Citi Field Ranks Sixth In Home Runs Allowed This Season

An article by posted on May 9, 2011

According to Jayson Stark of ESPN, the New York Mets front office have had discussions about moving in the outfield walls at Citi Field.

A fascinating rumor that’s been rippling through the Mets’ clubhouse lately has the team finally getting ready to move in the fences at Citi Field.

Based on what he’s heard from the Mets, Matt Cerrone of MetsBlog, reports that it’s actually more a case of reducing the height of the walls and NOT altering the dimensions, which if true will have little to no effect at all in my opinion.

If you’re going to make the move than do it right or don’t do it at all.

Last December, Sandy Alderson commented on the dimensions at Citi Field, saying that it makes offense that much more valuable. Then he added, “Chicks dig the long ball, and so do I.”

Recently, when he was asked, David Wright said, “It’s frustrating when you think you hit a ball pretty good to right-center, to left-center and the guy catches it at the warning track. I mean, it’s frustrating.”

 The wall in the rightfield gap (415 feet) is far too deep and needs to be brought in and evened out in a traditional sense. If that proves too difficult or expensive, than simply move home plate closer to the wall and readjust the infield. We got a good man in Pete Flynn manning the grounds crew at Citi, that could take care of that in a day or two.

With all of that said, here is an oddity to ponder. The following chart from ESPN.com shows that currently, Citi Field ranks sixth in baseball in home runs allowed.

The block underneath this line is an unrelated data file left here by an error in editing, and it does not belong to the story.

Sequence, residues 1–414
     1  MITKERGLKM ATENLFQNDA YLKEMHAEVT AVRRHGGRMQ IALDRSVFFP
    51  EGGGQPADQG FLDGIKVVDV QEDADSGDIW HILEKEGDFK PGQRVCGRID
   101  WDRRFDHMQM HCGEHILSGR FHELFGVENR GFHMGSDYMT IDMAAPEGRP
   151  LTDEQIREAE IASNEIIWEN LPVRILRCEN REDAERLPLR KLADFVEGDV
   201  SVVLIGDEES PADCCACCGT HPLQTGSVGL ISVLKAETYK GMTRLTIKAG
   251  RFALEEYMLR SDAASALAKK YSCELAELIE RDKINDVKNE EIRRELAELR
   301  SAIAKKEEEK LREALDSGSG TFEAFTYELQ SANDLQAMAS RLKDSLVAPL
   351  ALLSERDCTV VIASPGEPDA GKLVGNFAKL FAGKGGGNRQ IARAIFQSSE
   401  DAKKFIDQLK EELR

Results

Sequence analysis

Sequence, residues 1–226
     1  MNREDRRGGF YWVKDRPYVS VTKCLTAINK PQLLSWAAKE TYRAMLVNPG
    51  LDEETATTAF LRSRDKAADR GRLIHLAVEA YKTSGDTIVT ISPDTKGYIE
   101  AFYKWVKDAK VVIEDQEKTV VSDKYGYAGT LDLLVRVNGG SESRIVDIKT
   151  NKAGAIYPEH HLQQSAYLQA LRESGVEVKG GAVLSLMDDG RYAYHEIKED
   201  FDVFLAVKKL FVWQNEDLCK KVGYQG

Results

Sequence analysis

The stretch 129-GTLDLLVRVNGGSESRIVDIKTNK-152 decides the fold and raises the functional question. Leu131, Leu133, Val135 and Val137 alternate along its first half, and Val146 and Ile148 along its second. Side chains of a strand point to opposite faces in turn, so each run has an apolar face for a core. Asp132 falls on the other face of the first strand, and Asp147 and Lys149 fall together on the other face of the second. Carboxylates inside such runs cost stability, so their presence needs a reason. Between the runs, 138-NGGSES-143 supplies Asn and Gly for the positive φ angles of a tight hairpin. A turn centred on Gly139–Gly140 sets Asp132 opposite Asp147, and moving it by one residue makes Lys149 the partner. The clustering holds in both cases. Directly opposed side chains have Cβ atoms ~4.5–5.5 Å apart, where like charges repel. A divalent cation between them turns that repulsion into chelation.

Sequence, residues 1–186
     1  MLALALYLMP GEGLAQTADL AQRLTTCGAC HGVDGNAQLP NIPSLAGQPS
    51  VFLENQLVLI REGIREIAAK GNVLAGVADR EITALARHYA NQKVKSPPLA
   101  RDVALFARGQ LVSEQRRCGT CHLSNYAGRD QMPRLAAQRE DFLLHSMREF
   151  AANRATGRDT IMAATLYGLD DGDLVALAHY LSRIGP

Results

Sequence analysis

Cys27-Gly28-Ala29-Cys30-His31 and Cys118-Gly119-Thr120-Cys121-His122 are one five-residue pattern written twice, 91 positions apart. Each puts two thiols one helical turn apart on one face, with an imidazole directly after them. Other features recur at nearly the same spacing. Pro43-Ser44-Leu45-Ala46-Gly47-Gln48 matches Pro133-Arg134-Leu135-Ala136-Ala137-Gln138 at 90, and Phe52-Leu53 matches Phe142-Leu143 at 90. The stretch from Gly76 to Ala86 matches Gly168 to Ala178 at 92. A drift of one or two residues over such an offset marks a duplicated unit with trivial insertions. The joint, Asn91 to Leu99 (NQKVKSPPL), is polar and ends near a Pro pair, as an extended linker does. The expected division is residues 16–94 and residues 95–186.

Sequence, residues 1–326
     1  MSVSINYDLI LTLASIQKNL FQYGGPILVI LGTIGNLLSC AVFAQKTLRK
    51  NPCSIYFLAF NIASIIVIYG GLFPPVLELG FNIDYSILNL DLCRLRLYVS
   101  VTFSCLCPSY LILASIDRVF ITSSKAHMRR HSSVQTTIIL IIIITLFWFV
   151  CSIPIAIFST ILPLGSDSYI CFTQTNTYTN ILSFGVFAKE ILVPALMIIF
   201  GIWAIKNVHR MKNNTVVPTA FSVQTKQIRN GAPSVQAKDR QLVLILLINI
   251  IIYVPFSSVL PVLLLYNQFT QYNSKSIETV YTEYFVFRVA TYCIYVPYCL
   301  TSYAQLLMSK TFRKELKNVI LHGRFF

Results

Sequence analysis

Another thing to consider is that maybe the team just doesn’t have enough true power hitters? We may possibly have one from the left side of the plate in Ike Davis, but from the right side of the plate you have Wright who rarely pulls the ball, and Bay who looks nothing like the power hitter we thought we were getting when we handed him $66 million dollars with an $18 million dollar vesting option. So there’s that.

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I'm a lifelong Mets fan who loves writing and talking about the Amazins' 24/7. From the Miracle in 1969 to the magic of 1986, and even the near misses in '73 and '00, I've experienced it all - the highs and the lows. I started Mets Merized Online in 2005 to feed my addiction and interact with other passionate Met fans like you. Follow me on Twitter @metsmerized.

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